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At Mirror of Justice, Greg Sisk with an extended post on what Benedict has to say about the role of the Church in public life:

In emphasizing the proper role of the Church in the awakening and formation of conscience, while insisting the the Church must not enter into the “political battle” that remains instead the separate vocation of the laity, Pope Benedict XVI’s words have been portrayed by some as a departure from the public witness of his predecessor. After all, John Paul II addressed civil authorities regularly with boldness and spoke with prophetic directness on issues of human rights, pointedly including the sanctity of human life from conception to natural death.

I submit that these observers both have misread Benedict XVI as foreshadowing something of a withdrawal by the Church on direct engagement with civil regimes on basic matters of human rights (including sanctity of life issues) and have misunderstood the non-political nature of John Paul II in his forthrightly religious witness in the public square. In other words, I see in his first encyclical a steady continuity by Benedict XVI with John Paul II in the understanding of the appropriate role of the Catholic Church when it encounters the temporal civil order. John Paul II confronted tyranny in many areas of the world and the self-centered idolatries in our corner of the globe by speaking the truth plainly and by encouraging an evangelical spirit that would transform societies by first bringing spiritual renewal to the people. But John Paul II eschewed direct political involvement by the Church or its clery, particularly that of a partisan nature.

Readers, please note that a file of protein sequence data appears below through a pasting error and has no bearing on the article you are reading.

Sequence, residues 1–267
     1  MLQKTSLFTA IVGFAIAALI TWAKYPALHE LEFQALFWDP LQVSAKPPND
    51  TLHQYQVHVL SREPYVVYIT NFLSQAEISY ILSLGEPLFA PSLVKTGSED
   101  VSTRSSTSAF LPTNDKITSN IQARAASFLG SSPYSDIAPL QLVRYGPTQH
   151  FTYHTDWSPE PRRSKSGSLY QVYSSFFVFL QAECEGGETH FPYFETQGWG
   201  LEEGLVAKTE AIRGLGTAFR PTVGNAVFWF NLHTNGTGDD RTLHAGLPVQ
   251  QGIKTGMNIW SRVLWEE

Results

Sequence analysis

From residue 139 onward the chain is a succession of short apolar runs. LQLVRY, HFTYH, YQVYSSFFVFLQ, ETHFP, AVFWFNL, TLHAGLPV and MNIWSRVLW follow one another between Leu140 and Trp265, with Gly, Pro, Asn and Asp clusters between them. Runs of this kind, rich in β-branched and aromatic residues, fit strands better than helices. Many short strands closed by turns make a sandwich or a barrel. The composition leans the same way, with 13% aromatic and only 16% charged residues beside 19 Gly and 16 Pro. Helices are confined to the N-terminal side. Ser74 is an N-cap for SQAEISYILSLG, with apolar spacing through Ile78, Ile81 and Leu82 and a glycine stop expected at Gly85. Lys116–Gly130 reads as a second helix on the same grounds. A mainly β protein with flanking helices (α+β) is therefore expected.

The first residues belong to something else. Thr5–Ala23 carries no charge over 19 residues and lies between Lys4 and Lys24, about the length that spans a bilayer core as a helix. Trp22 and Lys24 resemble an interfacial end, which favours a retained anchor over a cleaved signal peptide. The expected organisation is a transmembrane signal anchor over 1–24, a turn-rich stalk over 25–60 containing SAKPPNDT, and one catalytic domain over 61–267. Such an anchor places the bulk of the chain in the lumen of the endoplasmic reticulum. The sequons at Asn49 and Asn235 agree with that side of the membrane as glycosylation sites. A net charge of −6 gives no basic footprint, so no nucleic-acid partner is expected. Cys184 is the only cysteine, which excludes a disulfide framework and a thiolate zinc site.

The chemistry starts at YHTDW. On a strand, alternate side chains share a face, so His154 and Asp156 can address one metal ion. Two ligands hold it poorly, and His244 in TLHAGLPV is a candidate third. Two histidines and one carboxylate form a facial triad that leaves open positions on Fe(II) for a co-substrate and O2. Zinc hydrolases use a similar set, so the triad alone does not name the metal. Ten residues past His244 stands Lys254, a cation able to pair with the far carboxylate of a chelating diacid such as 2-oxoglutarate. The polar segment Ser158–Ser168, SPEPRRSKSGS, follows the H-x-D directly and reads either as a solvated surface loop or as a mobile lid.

The priority of evangelical renewal in John Paul II’s messages was often overlooked, given the uncompromising power of his words regarding the sanctity of human life and the greater specificity of his teachings on the fundamental duty of civil society to protect human life and dignity (e.g., Evangelium Vitae). However, one should not extrapolate a general political agenda, much less a call for direct Church involvement in political campaigns or ideological platforms, from the Church’s teachings condemning such inherent evils as genocide, slavery, and abortion.

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